How should I act if I run into their family?
In a close, long-term relationship, your ex's family often becomes an extension of your own and that can be especially difficult when a relationship dissolves. It's not either of your family's faults that you broke up (except for certain horrific situations), so they shouldn't have to bear the brunt of any animosity. Be as warm and friendly to them as you would normally and you should expect the same in return. Even if you're not particularly thrilled with that relative, showing them your courtesy is a great sign that you're willing to be a bigger person. Any deliberate contact should be agreed upon by you and your ex.
How do we deal with social commitments we made before we broke up?
Let's say you've already RSVP'd a friend's wedding before you broke up. Handling that is now the responsibility of whichever one of you is closest to the couple. If that's you, you should contact the couple and give them a heads up (so you don't have the awkwardness of seeing your ex's name plate at the table). While you shouldn't just go solo (and unfairly stick the couple with the bill for your ex's food), you should check with the couple and see if there was anyone else they wanted to invite. If not, it's up to you to find a date, which doesn't have to be a shotgun romantic partner either - your friend who's always up for dancing is perfect.
If it's a more casual affair, like the birthday party of a truly mutual friend…
How should I act if I run into my ex?
The laws of the universe dictate that, eventually, you will run into your ex. Whether it's at a party or on the sidewalk, your conduct should be the same. Is it an awkward situation? Absolutely, but treating it like an awkward situation will only make it more awkward. If you see them, take the initiative and say hello. Does this mean you have to talk to them and catch up on anything you've missed? No (although if you both want to, you certainly can). What it says is that you're not intimidated by the situation and are at least mature enough to politely acknowledge their presence.
Similar to sub-posting, don't try to make them jealous or spread hostility, though it's entirely permissible to show off your breakup body.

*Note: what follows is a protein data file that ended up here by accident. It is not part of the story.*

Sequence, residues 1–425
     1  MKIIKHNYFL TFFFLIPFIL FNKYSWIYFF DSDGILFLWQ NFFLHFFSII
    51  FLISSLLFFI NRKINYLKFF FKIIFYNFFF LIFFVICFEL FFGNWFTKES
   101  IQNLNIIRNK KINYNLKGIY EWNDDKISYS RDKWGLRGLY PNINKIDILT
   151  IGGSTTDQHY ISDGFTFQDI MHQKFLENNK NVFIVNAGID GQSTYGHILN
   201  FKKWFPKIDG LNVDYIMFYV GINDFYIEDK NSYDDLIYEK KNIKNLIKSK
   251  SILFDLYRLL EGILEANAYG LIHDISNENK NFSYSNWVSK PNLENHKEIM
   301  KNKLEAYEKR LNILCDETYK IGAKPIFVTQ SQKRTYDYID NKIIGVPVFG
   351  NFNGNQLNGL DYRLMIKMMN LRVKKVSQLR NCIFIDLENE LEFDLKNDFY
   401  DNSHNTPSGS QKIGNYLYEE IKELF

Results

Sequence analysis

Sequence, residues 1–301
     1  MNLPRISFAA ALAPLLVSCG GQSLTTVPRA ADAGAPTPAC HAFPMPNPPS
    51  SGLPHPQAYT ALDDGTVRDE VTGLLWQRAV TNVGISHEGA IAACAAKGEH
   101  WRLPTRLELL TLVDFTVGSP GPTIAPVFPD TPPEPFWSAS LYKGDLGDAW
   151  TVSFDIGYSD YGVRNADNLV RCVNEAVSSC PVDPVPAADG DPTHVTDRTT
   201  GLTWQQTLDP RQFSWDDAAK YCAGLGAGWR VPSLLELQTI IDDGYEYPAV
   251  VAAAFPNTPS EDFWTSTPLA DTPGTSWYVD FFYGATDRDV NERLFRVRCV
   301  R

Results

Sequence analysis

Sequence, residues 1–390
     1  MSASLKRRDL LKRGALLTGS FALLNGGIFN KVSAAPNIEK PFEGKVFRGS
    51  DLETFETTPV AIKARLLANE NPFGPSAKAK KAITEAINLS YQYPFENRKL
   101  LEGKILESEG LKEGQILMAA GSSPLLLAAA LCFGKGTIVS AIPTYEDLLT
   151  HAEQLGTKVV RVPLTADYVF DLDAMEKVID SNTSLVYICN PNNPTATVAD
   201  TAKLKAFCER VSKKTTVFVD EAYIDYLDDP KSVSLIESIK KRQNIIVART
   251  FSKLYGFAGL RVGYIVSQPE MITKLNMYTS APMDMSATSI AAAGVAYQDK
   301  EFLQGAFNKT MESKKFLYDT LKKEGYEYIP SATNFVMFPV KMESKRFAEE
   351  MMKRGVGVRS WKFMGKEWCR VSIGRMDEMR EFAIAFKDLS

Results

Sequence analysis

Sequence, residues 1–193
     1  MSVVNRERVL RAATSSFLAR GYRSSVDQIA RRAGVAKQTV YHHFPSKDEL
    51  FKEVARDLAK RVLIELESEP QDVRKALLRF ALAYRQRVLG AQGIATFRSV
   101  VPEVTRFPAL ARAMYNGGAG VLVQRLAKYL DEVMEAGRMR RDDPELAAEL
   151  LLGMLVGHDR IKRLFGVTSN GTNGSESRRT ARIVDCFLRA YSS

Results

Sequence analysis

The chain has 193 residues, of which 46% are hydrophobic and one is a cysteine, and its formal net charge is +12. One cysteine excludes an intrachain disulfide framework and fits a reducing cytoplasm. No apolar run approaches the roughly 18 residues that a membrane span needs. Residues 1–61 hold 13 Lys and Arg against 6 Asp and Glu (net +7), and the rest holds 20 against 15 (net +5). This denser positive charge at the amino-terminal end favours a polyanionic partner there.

What if I run into their new partner?
Say hello (for the same reasons mentioned above) but THAT'S IT. Further interaction with your ex's new partner (even if it's genuinely positive) is a huge boundary crosser. If you saw your ex talking to your new partner, you know you'd be super suspicious, so stick to the hello.
Can I reach out for help/favours I used to rely on them for?
Many partners end up handling certain departments of their partner's life (one handles everything car-related, the other solves computer problems, etc.), but this is an easy agreement to abuse post-breakup. Make sure the request is legitimately something they specifically can take care of (doesn't count if you're too lazy to mow the lawn) and if it's within the first month of breaking up. Anything beyond that time is really just a failure to move on and learn how to do things on your end. Also, be prepared that the help you're asking for might not be all you get - another interaction is a very easy way for old wounds to be re-opened - so make sure you're in a decent enough place socially with your ex before asking.
What if I really want to be friends, can I text them?
Wanting to be friends with your ex is not inherently bad, but you have to ask yourself what does a friendship with you actually entail? Do you want to see them for coffee every few months or do you want to go on weekend road trips? It's important to ensure that this level of friendship is not more intense that your usual friends, or else it's just a covert attempt to renew your relationship. Regardless of what level of friendship you're after, both of you need time and space to regroup yourselves. So if you want to be friends with your ex, wait 3 months and ask yourself again before actually making contact.
I sad/drunk-texted last night, what do I do now?
Yeah, you messed up. Don't worry, it's happened to all of us and, while it's not your finest hour, it's not the end of the world. I repeat, it is NOT the end of the world. If your ex is a mature individual, they would have either texted back a polite request to stop this or replied nothing at all. If that's the case, you can either send a short apology the morning after or also text nothing and hope the incident fades away. If you're ex is as immature as you are and they respond to your first text in kind, opening up an entire regrettable conversation, it's up to you to end it curtly when you come to your senses - repeatedly condoning this behaviour will do nothing but stall your evolution out of this relationship. Should you be on the receiving end of a late night text, as great as it would be to screenshot it as ultimate proof they still want you, they do still want you, but please, take the high road.
Because in short, no matter what the specific situation is, always strive to be a better person. A better relationship is on its way.